Stephan Sturm, the new chief executive of healthcare company Fresenius, will announce plans to continue the company’s proven strategy — a combination of organic growth plus acquisitions — at his first AGM this Friday.
Mr. Sturm took up the top job in mid-2016. Only a few weeks later, he announced the largest takeover in the history of the company: the purchase of the Spanish hospital chain Quironsalud for €5.8 billion ($6.3 billion).
He also announced plans to take over US drug maker Akorn for the equivalent of €4.4 billion. And Fresenius is investing up to €670 million in the acquisition of Merck’s biosimilar drugs division.
Even if the high pace of expansion raises some questions among shareholders, the acquisitions do not affect the company’s 2016 balance sheet. Bridge financing was agreed to in 2016 for the purchase of Quironsalud, but the purchase was not concluded until January 2017.
Fresenius’ 2016 financial statement is characterized once again by growing revenues and profits. The company is increasing its dividend for the 24th time in a row. It’s comforting business as usual for the shareholders of the DAX-listed company, who will be asked to approve a 13-percent dividend increase to 62 cents at the shareholders’ meeting. In addition, the Fresenius share has outperformed the DAX in a volatile environment in 2016. While Germany’s benchmark index rose by 7 percent, Fresenius shares gained 13 percent. The healthcare group benefits from the fact that it operates in fields that are mostly unrelated to the economy.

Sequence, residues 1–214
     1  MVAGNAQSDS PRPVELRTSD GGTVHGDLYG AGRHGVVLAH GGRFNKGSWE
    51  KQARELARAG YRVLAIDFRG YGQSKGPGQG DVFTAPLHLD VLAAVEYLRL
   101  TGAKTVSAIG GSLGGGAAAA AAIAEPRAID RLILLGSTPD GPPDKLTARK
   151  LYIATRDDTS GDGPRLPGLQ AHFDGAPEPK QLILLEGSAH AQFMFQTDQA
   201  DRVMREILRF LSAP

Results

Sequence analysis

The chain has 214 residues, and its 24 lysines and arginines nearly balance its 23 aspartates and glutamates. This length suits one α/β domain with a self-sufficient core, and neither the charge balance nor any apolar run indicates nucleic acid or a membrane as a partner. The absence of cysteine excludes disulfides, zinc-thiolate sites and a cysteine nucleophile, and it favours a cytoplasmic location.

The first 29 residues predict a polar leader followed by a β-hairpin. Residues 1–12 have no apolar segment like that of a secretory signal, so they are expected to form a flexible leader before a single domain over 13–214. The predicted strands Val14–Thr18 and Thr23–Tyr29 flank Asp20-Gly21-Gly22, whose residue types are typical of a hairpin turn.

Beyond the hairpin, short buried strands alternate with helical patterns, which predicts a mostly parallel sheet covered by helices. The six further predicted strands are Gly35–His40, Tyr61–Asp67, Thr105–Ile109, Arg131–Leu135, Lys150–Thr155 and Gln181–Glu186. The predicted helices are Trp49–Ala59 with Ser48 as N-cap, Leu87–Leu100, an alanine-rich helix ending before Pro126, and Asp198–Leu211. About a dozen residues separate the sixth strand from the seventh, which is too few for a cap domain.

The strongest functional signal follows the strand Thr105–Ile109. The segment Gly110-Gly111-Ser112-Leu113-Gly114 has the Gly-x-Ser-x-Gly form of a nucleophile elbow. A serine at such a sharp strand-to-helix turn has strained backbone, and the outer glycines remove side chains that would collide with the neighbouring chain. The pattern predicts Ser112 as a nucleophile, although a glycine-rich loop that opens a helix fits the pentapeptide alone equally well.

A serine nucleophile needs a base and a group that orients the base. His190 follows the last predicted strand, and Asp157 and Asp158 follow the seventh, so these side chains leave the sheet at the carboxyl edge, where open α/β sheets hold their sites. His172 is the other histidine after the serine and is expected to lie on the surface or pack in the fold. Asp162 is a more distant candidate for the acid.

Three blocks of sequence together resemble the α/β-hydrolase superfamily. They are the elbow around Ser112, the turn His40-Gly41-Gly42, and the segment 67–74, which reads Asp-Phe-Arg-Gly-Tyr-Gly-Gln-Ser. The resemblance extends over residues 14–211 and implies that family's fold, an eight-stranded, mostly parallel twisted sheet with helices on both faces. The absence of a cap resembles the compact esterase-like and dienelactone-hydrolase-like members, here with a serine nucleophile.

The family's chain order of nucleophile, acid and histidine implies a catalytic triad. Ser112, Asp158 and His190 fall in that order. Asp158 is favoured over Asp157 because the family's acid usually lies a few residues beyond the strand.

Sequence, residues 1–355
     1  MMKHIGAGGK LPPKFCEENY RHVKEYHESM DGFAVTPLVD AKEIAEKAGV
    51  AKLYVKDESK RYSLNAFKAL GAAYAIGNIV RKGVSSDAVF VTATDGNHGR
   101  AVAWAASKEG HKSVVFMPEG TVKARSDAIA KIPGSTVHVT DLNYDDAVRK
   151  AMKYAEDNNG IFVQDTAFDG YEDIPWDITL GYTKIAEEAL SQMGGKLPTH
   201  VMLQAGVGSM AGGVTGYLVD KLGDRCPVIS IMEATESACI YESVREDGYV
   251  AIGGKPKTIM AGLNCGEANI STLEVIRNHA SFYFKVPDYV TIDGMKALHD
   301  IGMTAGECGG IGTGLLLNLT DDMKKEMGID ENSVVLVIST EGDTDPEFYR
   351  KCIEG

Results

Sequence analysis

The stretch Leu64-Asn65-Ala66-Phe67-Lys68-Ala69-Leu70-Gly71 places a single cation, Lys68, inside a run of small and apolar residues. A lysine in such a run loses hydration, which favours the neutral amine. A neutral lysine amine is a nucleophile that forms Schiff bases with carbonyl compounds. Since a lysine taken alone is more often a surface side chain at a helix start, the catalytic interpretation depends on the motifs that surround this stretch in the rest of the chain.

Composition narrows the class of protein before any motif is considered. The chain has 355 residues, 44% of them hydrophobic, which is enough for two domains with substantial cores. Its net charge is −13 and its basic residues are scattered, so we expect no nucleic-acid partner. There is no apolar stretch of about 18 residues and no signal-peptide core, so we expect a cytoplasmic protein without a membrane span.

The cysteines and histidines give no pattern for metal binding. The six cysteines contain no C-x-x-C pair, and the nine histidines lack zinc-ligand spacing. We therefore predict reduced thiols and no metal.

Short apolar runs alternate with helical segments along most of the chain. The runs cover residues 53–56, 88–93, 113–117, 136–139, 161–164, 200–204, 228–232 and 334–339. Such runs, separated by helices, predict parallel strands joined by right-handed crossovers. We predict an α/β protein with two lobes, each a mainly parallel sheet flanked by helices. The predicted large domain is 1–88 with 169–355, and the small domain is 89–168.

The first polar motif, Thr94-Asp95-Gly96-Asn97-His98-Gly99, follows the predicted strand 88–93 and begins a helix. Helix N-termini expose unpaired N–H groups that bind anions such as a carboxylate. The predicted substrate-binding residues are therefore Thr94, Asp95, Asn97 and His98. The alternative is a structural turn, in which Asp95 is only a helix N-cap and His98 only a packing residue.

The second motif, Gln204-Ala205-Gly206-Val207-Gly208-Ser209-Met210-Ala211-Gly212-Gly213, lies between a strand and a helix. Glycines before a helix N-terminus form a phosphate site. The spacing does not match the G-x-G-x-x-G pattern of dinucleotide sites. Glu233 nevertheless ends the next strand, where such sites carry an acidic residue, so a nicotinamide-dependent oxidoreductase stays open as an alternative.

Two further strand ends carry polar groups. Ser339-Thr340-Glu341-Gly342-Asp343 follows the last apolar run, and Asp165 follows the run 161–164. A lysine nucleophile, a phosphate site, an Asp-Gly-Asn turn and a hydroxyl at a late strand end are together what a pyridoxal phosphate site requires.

Its Fresenius Medical Care subsidiary, which is also listed on the DAX, accounts for more than half of Fresenius’ sales and operating result. The Kabi and Helios divisions are each responsible for one-fifth of sales. Kabi sells nutritional solutions and liquid generic drugs worldwide, and Helios is the largest operator of private hospitals in Germany. Finally, the small Vamed division plans, develops and manages healthcare facilities.